The study pinpointed a tiny portion of the protein molecule that is key to the formation of plaques in blood vessels in the brain.
Ohio State University chemist Christopher Jaroniec and his colleagues report their results this week in the online edition of the Proceedings of the National Academy of Sciences.
Researchers worldwide are working to understand how certain kinds of proteins, called prions, cause degenerative brain diseases such as CAA. More common prion diseases include bovine spongiform encephalopathy (mad cow disease), and Creutzfeldt-Jakob disease in humans. All are incurable and fatal.
Jaroniec understands that any discovery related to prions could raise people’s hopes for a cure, but he emphasized that his study is only a first step towards understanding the structure of the prion for CAA.
“This is a very basic study of the structure of the protein, and hopefully it will give other researchers the information they need to perform further studies, and improve our understanding of CAA,” he said.
His team partnered with biochemists from Case Western Reserve University, who took a fragment of the human prion protein for CAA and tagged it with chemical markers.
Jaroniec explained that, while the prion protein used in the study is associated with the development of hereditary CAA, it is not infectious.
After the researchers tagged the molecule, they created the right chemical conditions for it to fold into macromolecules called amyloid fibrils.
Researchers know that in the body, these fibrils form plaques that lodge in blood vessel walls in the brain. But nobody has been able to closely examine the molecular structure of CAA fibrils until now.
“These fibrils are very large and complex, and so traditional biochemical techniques won’t reveal their structure in detail,” Jaroniec said.
The assistant professor of chemistry at Ohio State is an expert in a technique that can reveal the structure of such large molecules: solid-state nuclear magnetic resonance (NMR) spectroscopy.NMR works by tuning into the radio waves emitted by atoms within materials. Every atom emits radio waves at a particular frequency, depending on the types of atoms that surround it.
So after the researchers let the prion proteins fold into amyloid fibrils, they used magic angle spinning NMR to study the fibrils’ structure.
They searched the NMR signals for the chemical tags that had been planted in the prions. In that way, they were able to determine what parts of the original prion protein were contained within the fibrils.
They found, to their surprise, that some 80 percent of the original prion protein molecule was not present in the fibrils. The fibrils consisted exclusively of the remaining 20 percent -- approximately 29 amino acids, of which two appear to be especially critical to the structure of the molecule.
Other studies have suggested that these two amino acids, numbered 138 and 139, were key to the formation of the CAA fibrils, Jaroniec said. But this study is the first to confirm their importance by studying them at the atomic level.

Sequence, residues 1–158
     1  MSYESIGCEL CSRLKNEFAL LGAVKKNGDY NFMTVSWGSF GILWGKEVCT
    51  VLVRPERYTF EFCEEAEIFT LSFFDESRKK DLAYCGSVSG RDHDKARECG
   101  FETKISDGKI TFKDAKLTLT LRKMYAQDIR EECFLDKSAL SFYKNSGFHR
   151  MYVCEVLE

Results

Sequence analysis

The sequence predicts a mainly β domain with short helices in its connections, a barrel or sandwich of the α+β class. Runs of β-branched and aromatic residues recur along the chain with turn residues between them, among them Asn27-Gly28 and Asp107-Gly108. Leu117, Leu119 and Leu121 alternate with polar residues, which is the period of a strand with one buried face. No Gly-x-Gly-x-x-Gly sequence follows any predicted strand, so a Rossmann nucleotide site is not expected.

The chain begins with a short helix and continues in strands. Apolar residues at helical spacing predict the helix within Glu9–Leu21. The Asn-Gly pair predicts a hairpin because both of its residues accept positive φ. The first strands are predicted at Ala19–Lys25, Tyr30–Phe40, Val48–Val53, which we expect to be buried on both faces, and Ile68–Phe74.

The researchers are continuing this work, and plan to examine the structure of the fibrils in more detail, as well as other strains of the CAA prion protein.
Jaroniec’s partners on this project included Jonathan Helmus and Philippe Naudaud, both doctoral students at Ohio State, and their collaborators at Case Western.
This research was funded by Ohio State University and the National Institutes of Health.
Christopher Jaroniec | EurekAlert!
WAKE-UP provides new treatment option for stroke patients | International study led by UKE
17.05.2018 | Universitätsklinikum Hamburg-Eppendorf
First form of therapy for childhood dementia CLN2 developed
25.04.2018 | Universitätsklinikum Hamburg-Eppendorf
At the LASYS 2018, from June 5th to 7th, the Laser Zentrum Hannover e.V. (LZH) will be showcasing processes for the laser material processing of tomorrow in hall 4 at stand 4E75. With blown bomb shells the LZH will present first results of a research project on civil security.
At this year's LASYS, the LZH will exhibit light-based processes such as cutting, welding, ablation and structuring as well as additive manufacturing for...
There are videos on the internet that can make one marvel at technology. For example, a smartphone is casually bent around the arm or a thin-film display is rolled in all directions and with almost every diameter. From the user's point of view, this looks fantastic. From a professional point of view, however, the question arises: Is that already possible?
At Display Week 2018, scientists from the Fraunhofer Institute for Applied Polymer Research IAP will be demonstrating today’s technological possibilities and...
So-called quantum many-body scars allow quantum systems to stay out of equilibrium much longer, explaining experiment | Study published in Nature Physics
Recently, researchers from Harvard and MIT succeeded in trapping a record 53 atoms and individually controlling their quantum state, realizing what is called a...
The historic first detection of gravitational waves from colliding black holes far outside our galaxy opened a new window to understanding the universe. A...
A team led by Austrian experimental physicist Rainer Blatt has succeeded in characterizing the quantum entanglement of two spatially separated atoms by observing their light emission. This fundamental demonstration could lead to the development of highly sensitive optical gradiometers for the precise measurement of the gravitational field or the earth's magnetic field.
The age of quantum technology has long been heralded. Decades of research into the quantum world have led to the development of methods that make it possible...
02.05.2018 | Event News
13.04.2018 | Event News
12.04.2018 | Event News
22.05.2018 | Life Sciences
22.05.2018 | Earth Sciences
22.05.2018 | Trade Fair News